Course Change Considered for Mini Transat

Published on October 23rd, 2013

Douarnenez, France (October 23, 2013) – The fleet of 84 Mini 6.50 soloists have been postponed since October 13 for the start of their hallmark event, the biennial Mini Transat. Event organizers have exhibited caution, waiting for safe weather to ensure the fleet can cross the Bay of Biscay and get around the corner of Spain, before their crossing of the Atlantic Ocean.

American Jeffrey MacFarlane, considered a favorite to win the race, provides an update from the venue…

“Initially the delayed start was a welcomed extra bit of time to check and recheck everything on the boat. No matter how much you prepare for a race it seems like little things that you intended to do always get cut from the work list. Now all those tasks are complete. It is a strange site to see 84 minis with no one working on them; usually at races the docks are full of skippers getting their boats ready.

“Now with the race village all packed up and all of the boats ready, about the only activity comes each evening around 1800 for the weather briefing. Unfortunately, it is very hard for the race organizers to find a weather window long enough to send the entire fleet around Cape Finisterre. The last two weeks have been producing strong depressions, one after the other, bringing 40+ knots of southerly winds across Cape Finisterre and the Bay of Biscay.

“I think that most skippers will agree that it is very difficult and expensive to be sitting day after day waiting to start the race, but it is certainly better to wait then to go bashing upwind into 40 knots and breaking the boats the first day or two out.”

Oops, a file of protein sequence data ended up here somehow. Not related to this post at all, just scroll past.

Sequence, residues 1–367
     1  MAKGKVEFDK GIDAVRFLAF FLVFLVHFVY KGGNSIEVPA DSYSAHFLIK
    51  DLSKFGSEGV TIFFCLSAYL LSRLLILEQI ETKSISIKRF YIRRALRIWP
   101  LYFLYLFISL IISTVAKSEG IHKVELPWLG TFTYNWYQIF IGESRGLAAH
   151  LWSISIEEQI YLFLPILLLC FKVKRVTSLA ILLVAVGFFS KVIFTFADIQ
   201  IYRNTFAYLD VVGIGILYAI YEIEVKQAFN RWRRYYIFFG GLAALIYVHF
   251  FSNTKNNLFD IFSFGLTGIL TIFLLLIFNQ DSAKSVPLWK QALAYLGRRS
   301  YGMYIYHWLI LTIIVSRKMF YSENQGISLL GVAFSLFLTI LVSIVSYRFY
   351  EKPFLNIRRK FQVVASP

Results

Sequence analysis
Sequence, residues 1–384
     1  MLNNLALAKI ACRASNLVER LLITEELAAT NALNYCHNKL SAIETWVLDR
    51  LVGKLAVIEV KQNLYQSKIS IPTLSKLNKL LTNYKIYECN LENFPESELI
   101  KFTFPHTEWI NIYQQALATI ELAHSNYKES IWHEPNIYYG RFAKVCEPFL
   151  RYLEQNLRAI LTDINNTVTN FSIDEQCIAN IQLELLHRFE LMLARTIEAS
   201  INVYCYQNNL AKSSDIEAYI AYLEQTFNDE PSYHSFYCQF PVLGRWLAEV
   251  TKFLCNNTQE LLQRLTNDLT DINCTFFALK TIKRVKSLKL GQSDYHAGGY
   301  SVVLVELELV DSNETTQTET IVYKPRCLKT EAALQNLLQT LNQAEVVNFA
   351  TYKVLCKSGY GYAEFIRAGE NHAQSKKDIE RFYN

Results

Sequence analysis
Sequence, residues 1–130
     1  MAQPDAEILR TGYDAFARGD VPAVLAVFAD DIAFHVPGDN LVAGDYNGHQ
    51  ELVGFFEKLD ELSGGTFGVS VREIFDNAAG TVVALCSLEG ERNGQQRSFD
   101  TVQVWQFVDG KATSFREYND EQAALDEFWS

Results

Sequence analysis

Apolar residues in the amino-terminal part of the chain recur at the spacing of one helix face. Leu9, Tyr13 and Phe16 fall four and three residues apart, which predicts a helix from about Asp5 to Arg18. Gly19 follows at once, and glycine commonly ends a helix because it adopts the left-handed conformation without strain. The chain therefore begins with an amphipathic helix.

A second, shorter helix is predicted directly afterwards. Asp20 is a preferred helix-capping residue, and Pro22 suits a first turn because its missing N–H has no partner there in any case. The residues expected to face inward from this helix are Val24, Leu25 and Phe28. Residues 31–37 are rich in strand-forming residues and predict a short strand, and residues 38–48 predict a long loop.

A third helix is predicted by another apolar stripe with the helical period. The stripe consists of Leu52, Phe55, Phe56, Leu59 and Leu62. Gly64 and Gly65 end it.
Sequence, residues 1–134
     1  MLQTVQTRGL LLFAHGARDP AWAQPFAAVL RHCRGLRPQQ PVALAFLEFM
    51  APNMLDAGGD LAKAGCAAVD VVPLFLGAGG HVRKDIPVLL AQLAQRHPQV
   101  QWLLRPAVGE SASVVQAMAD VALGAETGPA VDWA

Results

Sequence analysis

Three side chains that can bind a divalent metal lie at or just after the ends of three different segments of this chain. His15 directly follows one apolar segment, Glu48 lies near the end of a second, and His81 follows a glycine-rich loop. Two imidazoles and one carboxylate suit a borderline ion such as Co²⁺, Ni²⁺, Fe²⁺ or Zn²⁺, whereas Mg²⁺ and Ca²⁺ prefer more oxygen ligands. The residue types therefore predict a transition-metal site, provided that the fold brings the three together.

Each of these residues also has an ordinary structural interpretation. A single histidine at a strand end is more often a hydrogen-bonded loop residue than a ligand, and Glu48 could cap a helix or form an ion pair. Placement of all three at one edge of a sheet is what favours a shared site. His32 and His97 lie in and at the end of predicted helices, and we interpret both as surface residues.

The Mini Transat is currently divided into two legs
Leg 1 – Douarnenez to Puerto Calero (Lanzarote, Canary Islands): 1257 miles, 10-13 days.
Leg 2 – Puerto Calero to Pointe-à-Pitre, Guadeloupe: 2764 miles, 14-21 days.

The Mini Transat race organizers, after reviewing the latest weather forecast, informed the fleet today they are now considering two scenarios:

First scenario: A start on Friday and a stopover in Gijon (Spain, before Cape Finisterre). Weather window may allow a clear opening to rally the fleet on the northern coast of Spain, but not allow for a safe crossing of Cape Finisterre. The first leg would be cut into two sections with a fresh start in Gijon on Tuesday 29 October.

Second scenario: A weather window glimpsed in the forecast for next Monday is confirmed to be large enough for the whole Mini fleet to cross the Bay of Biscay.

“The simplest course would be to send the fleet on a single leg,” explained Race Director Denis Hughes.”But today we do not have sufficient clarity about next week to put all our eggs in one basket. That is why we have decided to mobilize the competitors around a possible departure on Friday. If we are certain that the window on Monday is good, then we will leave on Monday. When in doubt, we leave Friday. At least we are making steps forward on the road.”

Mini Transat 2013:

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